A video leaked Monday from a self-proclaimed "alt-right" conference that took place over the weekend in Washington, D.C., shows hundreds gathering to celebrate Donald Trump’s victory and raising their arms in the traditional Nazi salute and saying "Heil victory!" Leaders of the alt-right movement have been emboldened since Trump’s election, particularly since he named Steve Bannon to become his chief strategist after first being his campaign manager. Bannon is the former head of the right-wing news outlet Breitbart Media. We speak with Deborah Lipstadt, Dorot professor of Holocaust studies at Emory University, who says Bannon’s appointment is "the most depressing of almost anything I’ve heard thus far." Lipstadt is also the subject of a feature film now in theaters called "Denial," which is based on a court case in which she was sued by a leading Holocaust denier.
- Trump Promises to Withdraw from TPP, Promote Oil Drilling & Repeal Regulation
- Washington Post: Trump Policies Will Hurt Federal Workers
- Trump Holds Off-the-Record Meeting with Top TV Anchors
- U.N.: 1 Million Syrians Under Siege, Most by Government Forces
- Japan: Thousands Evacuate After Tsunami Warning in Fukushima
- Rohingyas Flee to Bangladesh Amid Violence in Myanmar
- Sophia Wilansky Critically Injured During Police Attack at Standing Rock
- The Guardian: Self-Induced Abortions May Be on the Rise in U.S.
- Arctic Temperatures 35 Degrees Fahrenheit Above Average
- Bolivia Declares State of Emergency Amid Drought
- Yale College Dean Jonathan Holloway Leaving for Northwestern
We speak with Intercept co-founder Jeremy Scahill, who has spent years reporting on private security contractors such as the private security firm TigerSwan, which has links to the now-defunct mercenary firm Blackwater and is in charge of coordinating intelligence for the Dakota Access pipeline company. He discusses the company’s track record as more than 100 Native Americans and allies fighting the $3.8 billion Dakota Access pipeline have been injured by police in North Dakota. Many were attacked with rubber bullets, tear gas, mace canisters and water cannons in freezing temperatures. The attack began after the water protectors attempted to clear access to a public bridge, which has been blocked by authorities using military equipment chained to concrete barriers.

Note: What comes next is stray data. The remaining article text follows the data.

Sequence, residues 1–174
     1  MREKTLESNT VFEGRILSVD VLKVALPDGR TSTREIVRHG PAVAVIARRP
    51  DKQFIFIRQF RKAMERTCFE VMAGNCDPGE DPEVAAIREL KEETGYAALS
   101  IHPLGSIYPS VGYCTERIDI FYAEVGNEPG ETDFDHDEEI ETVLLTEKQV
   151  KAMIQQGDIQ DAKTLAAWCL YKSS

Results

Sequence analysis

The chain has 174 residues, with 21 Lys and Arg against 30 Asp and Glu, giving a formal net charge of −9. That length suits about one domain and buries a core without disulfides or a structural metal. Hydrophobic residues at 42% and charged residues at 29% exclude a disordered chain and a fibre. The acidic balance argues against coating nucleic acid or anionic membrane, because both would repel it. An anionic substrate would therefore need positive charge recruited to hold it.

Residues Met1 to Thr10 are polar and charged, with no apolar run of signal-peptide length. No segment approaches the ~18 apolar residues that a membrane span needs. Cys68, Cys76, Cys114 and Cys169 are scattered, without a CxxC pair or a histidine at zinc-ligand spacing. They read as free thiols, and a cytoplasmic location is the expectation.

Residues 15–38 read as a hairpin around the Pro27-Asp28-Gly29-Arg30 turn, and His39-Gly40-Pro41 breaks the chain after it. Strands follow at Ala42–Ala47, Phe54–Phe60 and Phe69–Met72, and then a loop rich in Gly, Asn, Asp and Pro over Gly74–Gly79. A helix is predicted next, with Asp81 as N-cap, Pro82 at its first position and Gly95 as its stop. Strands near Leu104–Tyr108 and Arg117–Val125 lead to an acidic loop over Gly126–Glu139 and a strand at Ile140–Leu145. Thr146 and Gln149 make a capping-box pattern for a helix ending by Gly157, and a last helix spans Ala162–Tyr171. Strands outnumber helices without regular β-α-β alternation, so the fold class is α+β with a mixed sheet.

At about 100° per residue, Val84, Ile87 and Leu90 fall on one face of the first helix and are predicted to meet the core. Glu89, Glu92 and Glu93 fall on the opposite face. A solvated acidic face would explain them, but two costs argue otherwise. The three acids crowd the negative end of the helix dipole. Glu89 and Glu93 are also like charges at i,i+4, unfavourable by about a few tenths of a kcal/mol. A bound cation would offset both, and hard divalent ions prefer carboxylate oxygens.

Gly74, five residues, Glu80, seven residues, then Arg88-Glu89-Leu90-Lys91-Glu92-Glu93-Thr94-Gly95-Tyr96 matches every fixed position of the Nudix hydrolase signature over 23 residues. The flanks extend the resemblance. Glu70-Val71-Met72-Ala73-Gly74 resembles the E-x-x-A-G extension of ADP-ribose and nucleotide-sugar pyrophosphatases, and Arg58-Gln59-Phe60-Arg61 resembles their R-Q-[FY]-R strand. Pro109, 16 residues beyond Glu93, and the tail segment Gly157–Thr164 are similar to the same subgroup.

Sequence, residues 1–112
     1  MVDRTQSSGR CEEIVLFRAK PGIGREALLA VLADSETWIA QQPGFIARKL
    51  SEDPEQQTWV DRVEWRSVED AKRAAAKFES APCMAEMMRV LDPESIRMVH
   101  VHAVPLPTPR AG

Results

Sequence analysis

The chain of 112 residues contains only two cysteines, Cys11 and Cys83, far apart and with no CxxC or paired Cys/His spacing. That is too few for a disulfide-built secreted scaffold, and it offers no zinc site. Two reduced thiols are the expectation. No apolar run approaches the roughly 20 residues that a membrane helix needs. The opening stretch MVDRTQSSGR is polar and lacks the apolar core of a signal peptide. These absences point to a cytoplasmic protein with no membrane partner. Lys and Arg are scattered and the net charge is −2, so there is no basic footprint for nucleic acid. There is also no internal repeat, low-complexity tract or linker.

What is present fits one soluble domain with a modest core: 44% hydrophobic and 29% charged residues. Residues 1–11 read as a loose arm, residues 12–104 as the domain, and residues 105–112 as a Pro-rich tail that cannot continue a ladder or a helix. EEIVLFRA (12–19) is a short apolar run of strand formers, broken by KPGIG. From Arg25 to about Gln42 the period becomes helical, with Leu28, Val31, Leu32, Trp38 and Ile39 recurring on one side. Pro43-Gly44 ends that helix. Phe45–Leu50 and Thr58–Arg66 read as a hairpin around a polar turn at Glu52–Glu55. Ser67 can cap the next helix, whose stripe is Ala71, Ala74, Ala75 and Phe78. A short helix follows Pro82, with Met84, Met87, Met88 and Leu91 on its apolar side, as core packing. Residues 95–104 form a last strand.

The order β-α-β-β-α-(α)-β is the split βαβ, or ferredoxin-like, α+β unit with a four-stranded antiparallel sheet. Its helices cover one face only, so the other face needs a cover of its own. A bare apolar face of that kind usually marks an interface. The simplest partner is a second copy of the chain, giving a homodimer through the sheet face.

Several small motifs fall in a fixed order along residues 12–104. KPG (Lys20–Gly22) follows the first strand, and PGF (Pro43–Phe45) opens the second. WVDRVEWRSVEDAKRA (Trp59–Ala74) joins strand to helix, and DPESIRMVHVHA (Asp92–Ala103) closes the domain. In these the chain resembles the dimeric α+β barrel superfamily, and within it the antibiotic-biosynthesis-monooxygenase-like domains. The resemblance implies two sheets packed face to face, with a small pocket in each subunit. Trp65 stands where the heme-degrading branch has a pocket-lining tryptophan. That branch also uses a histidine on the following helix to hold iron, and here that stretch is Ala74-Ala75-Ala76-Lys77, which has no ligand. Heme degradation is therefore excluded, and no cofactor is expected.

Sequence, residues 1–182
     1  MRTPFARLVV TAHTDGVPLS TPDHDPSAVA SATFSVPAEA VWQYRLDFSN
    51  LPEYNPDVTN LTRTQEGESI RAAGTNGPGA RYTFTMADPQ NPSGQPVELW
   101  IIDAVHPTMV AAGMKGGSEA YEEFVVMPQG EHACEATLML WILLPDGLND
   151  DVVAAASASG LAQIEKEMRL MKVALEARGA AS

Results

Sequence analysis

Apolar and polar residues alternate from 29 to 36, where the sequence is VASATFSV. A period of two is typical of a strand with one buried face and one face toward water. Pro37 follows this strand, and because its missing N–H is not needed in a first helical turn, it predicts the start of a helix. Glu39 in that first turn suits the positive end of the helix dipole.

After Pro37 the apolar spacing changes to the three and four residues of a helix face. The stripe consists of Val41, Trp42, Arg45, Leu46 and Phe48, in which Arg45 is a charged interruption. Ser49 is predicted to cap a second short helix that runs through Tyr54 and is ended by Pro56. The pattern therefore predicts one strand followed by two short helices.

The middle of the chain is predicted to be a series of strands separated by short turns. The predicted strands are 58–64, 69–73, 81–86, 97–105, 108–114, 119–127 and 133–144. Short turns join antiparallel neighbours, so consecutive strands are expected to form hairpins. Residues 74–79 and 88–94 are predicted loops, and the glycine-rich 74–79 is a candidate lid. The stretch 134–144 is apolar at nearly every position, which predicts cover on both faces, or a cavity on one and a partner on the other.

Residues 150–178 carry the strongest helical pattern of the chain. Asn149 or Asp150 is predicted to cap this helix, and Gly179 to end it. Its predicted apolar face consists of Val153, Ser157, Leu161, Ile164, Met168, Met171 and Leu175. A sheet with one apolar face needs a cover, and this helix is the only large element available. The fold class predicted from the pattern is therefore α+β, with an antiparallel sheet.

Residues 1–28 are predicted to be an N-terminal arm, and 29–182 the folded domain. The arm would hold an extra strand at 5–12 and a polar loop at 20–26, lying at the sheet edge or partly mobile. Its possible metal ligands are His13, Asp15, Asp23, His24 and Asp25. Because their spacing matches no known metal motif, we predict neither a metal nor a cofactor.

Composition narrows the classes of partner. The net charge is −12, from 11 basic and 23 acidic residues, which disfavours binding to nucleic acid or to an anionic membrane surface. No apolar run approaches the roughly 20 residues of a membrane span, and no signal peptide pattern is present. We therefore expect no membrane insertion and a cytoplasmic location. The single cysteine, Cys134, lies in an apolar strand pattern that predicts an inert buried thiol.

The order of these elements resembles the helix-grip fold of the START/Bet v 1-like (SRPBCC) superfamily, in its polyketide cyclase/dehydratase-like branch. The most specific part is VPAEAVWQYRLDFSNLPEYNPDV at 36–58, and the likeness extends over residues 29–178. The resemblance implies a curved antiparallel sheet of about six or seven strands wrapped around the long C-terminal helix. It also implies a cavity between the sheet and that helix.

Jeremy Scahill, co-founder of The Intercept, examines the "team of rivals" Trump is considering for key appointments to his Cabinet, noting all of them have "ended up in direct conflict with President Obama over key issues that Trump and Pence have sort of touted." Trump has offered the national security adviser position to Lt. Gen. Michael Flynn, who is well known for his anti-Muslim worldview, having called Islam a "cancer" and saying "fear of Muslims is rational." Kansas Congressmember Mike Pompeo, who opposed closing Guantánamo Bay prison, has been named as CIA director. Trump has also selected Alabama Senator Jeff Sessions to be attorney general. Sessions is a former prosecutor who was elected to the Senate in 1996, where he consistently supported anti-immigration legislation and has been a leading opponent of the Voting Rights Act.
We spend the hour looking at the incoming administration of President-elect Donald Trump, a candidate who ran on a platform of open bigotry, threats against immigrants and Muslims, and blatant misogyny. Trump’s vice president, Mike Pence, is often portrayed as a counterbalance to Trump and called a "bridge to the establishment." But our guest Jeremy Scahill, co-founder of The Intercept, says Pence’s ascendance to the second most powerful position in the U.S. government is a "tremendous coup for the radical religious right. Pence—and his fellow Christian supremacist militants—would not have been able to win the White House on their own. For them, Donald Trump was a godsend."
- Trump Meets with General Mattis, Giuliani & Romney over Weekend